This past August, I had the opportunity to return to New Orleans for several days. Though the primary reason for returning was the biennial conference of my college fraternity, I took the opportunity to connect with some of the New Orleans firefighters I met while there last October as a volunteer performing search and rescue for Katrina victims in the lower Ninth Ward.
I also scheduled some time to visit with nonprofits in the region. Putting that meeting together was difficult until N-TEN’s Katrin Verclas put me in touch with John Kimble, New Orleans Public Policy Director for the Louisiana Association of Nonprofit Organizations (LANO). He hosted a meeting at Nonprofit Central, a converted furniture store just outside of the central business district that houses office and meeting space for area nonprofits.
John sent an email to area nonprofit executives and about a dozen took advantage of the opportunity to discuss how they could use the Web to enhance their mission. First, it’s clear that many of them did not exist a year ago. They were created in direct response to the hurricane’s damage. They are collections of individuals who have banded together to help their community cope with rebuilding.
Those nonprofits that were in existence before the storm have re-defined their missions in light of the reality that everything in the area has changed, that everything is harder to do, and that their constituents are always and primarily concerned with rebuilding.
The lack of progress in the New Orleans area is hard to fathom. When I was there in October, leading a strike team of search dogs from Virginia and Maryland, I saw the poorest part of a poor city at its very worst. I also saw devastation in the better-off sections of the region, like Slidell. Some 10 months later, I went back to see a city a little bit cleaner, but hardly recovered.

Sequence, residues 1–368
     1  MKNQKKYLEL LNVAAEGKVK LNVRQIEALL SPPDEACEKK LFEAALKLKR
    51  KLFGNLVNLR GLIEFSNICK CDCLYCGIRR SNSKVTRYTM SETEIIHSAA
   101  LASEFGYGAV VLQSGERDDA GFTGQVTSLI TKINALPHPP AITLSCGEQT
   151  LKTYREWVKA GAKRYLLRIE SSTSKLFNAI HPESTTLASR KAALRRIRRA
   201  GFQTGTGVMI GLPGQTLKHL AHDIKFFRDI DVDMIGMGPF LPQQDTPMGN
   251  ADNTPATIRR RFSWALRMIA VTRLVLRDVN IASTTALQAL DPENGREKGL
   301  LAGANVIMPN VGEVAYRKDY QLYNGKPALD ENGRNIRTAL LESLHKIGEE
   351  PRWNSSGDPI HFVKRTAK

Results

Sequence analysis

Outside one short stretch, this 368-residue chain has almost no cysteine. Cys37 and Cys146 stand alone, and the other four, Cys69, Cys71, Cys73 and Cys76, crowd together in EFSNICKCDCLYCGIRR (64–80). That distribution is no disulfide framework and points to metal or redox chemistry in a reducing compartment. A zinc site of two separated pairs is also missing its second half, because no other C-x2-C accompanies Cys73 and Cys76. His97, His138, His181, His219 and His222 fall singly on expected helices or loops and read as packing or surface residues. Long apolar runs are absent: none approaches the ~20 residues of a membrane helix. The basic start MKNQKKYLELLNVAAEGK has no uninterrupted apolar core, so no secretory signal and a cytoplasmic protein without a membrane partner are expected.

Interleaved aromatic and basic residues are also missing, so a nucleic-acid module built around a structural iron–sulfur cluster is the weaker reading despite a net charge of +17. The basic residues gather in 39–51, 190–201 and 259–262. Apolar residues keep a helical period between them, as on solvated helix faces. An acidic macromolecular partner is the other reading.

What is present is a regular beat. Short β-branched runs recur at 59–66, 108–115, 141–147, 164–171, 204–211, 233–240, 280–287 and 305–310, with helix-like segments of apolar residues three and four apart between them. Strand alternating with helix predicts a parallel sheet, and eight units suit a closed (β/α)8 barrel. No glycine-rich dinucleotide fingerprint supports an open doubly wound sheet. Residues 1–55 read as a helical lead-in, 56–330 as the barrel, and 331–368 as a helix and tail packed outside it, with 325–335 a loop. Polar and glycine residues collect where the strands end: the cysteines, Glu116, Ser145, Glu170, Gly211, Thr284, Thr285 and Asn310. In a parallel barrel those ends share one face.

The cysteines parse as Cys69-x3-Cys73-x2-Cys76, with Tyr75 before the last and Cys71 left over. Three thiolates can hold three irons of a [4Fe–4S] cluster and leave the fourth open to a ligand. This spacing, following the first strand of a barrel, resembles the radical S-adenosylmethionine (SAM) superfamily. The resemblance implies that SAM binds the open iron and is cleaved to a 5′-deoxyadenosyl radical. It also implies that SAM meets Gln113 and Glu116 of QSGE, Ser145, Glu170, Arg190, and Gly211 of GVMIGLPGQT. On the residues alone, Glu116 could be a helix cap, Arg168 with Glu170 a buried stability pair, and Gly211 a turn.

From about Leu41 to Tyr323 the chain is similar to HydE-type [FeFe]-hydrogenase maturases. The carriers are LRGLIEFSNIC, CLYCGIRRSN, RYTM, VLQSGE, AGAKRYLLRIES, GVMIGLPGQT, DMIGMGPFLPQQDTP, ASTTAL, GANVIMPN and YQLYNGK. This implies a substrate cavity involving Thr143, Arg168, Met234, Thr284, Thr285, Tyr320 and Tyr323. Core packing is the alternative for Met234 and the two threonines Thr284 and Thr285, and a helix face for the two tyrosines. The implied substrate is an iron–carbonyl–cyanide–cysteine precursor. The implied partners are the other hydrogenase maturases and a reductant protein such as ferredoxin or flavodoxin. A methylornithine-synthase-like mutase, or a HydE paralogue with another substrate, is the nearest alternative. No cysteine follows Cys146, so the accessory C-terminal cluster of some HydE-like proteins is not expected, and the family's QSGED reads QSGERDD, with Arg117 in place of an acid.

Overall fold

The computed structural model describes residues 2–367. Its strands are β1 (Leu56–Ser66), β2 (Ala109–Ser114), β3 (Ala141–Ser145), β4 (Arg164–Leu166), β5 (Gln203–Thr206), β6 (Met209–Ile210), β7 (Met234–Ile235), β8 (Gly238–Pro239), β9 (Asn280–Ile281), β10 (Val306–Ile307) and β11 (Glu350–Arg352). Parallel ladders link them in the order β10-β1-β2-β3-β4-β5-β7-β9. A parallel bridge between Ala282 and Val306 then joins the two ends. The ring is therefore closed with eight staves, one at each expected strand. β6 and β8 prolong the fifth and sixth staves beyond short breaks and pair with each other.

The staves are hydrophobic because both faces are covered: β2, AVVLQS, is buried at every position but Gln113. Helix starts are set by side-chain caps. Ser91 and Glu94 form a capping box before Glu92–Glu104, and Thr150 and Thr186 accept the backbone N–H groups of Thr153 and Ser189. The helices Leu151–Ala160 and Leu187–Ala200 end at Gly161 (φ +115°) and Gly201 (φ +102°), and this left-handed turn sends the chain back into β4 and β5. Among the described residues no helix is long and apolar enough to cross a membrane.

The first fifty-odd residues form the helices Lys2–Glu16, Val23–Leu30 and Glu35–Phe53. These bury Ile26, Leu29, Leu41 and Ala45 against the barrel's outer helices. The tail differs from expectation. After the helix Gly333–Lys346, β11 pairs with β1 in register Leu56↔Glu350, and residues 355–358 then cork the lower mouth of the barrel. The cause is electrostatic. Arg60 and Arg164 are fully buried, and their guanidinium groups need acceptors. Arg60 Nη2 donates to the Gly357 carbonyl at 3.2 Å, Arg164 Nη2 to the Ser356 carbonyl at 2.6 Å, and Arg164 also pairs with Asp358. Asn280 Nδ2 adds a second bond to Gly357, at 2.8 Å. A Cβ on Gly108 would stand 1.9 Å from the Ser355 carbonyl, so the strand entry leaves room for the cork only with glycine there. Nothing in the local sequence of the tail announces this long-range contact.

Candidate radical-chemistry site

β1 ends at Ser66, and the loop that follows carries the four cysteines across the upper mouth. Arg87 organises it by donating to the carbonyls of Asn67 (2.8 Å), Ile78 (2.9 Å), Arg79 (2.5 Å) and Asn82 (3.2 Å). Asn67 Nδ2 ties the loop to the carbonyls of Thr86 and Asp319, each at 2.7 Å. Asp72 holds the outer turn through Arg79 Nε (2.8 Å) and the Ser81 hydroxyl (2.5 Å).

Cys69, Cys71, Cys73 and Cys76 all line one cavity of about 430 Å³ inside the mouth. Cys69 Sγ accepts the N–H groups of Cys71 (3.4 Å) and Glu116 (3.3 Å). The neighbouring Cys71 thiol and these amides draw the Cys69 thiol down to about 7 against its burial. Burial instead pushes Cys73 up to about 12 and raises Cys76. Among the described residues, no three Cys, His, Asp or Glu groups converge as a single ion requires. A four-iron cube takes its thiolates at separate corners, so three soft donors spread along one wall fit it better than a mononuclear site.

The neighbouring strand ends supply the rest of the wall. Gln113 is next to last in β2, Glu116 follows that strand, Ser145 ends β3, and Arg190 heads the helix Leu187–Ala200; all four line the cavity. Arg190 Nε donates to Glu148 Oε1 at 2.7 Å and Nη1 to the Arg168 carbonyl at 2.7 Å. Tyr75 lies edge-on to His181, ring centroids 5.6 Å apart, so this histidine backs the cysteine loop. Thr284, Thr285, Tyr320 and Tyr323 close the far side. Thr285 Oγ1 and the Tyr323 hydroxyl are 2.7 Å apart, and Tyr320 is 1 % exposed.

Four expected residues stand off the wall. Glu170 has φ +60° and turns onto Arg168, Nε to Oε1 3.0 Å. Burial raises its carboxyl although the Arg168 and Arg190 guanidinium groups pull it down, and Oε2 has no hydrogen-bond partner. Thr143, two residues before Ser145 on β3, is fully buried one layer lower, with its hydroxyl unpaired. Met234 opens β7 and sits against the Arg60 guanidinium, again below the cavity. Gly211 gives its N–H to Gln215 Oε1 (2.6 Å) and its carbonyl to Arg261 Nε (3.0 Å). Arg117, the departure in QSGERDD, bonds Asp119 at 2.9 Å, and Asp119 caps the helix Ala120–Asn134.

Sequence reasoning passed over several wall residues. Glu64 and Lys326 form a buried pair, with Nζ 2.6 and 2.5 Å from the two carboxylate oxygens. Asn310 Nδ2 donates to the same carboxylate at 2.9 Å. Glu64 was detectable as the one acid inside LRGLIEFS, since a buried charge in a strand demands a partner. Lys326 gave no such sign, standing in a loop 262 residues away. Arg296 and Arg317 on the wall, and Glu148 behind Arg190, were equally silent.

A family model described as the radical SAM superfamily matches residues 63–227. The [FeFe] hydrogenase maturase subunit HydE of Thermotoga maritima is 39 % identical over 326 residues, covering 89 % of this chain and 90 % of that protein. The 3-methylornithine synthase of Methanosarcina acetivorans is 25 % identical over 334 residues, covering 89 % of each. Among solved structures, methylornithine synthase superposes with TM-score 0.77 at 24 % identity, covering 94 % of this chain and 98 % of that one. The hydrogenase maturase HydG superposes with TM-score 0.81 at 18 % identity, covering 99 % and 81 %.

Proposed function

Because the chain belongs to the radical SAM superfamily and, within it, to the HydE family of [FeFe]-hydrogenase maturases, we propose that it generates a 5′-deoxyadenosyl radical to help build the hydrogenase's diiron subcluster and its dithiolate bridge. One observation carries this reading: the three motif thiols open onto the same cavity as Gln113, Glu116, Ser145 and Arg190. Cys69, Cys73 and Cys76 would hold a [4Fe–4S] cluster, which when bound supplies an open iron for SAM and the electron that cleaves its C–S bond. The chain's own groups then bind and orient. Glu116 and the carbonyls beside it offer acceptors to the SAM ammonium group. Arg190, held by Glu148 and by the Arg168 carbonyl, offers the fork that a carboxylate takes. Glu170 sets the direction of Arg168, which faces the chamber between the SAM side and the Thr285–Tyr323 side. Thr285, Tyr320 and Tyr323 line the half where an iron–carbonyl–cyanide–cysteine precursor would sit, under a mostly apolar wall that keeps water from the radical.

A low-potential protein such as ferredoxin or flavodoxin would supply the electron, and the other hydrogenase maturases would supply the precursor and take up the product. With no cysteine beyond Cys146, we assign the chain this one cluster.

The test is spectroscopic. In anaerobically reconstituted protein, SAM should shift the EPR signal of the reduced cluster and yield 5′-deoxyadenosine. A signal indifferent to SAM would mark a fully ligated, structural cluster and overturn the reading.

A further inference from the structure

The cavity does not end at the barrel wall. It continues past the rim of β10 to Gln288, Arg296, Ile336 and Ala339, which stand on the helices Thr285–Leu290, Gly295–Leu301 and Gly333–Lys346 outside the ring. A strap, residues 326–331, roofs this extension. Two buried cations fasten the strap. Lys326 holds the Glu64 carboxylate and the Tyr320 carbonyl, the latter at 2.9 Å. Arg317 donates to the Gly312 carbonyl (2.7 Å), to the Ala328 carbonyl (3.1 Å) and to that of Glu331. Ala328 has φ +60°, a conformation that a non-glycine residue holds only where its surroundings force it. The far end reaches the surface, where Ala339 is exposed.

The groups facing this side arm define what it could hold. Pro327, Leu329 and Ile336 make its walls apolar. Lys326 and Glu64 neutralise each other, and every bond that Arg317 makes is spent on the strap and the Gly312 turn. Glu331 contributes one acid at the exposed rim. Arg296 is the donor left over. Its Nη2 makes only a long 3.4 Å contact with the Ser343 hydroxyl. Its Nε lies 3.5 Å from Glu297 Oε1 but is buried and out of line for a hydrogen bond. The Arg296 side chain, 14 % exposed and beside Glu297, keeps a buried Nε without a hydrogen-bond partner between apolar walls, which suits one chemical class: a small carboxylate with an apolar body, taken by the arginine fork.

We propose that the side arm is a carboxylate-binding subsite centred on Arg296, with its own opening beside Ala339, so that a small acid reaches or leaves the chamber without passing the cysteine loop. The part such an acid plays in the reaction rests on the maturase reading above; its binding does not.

The lower Ninth Ward remains devastated, with hardly any rebuilding. Much of the debris is cleaned up, but some of the gray mud, ubiquitous in October, was still present. The only color I saw this time was grass growing abundantly where homes once stood. Mayor Ray Nagin takes credit for the grass growing, but I bet it is a result of so much, shall we say, organic fertilizer.
One nonprofit executive lives in St. Bernard Parish, just east (downstream and downhill) of the lower Ninth Ward. It’s an area that was flooded by the levee breaks, and I’m told every building was damaged. Only about 5 percent of its residents have returned. The nonprofit executive lives in a Federal Emergency Management Agency (FEMA) trailer, in a neighborhood of FEMA trailers.
As we discussed one problem of using the Web there — Internet access — she told me that she expects to get her landline telephone service restored to her trailer on November 18, more than a year after the storm hit.